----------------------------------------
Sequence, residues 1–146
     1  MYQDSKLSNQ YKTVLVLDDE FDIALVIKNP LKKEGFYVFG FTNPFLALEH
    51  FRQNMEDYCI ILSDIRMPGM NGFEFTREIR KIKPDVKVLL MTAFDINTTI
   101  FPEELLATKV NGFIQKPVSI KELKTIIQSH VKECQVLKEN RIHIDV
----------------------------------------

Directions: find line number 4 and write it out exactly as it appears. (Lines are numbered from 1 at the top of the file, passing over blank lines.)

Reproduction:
   101  FPEELLATKV NGFIQKPVSI KELKTIIQSH VKECQVLKEN RIHIDV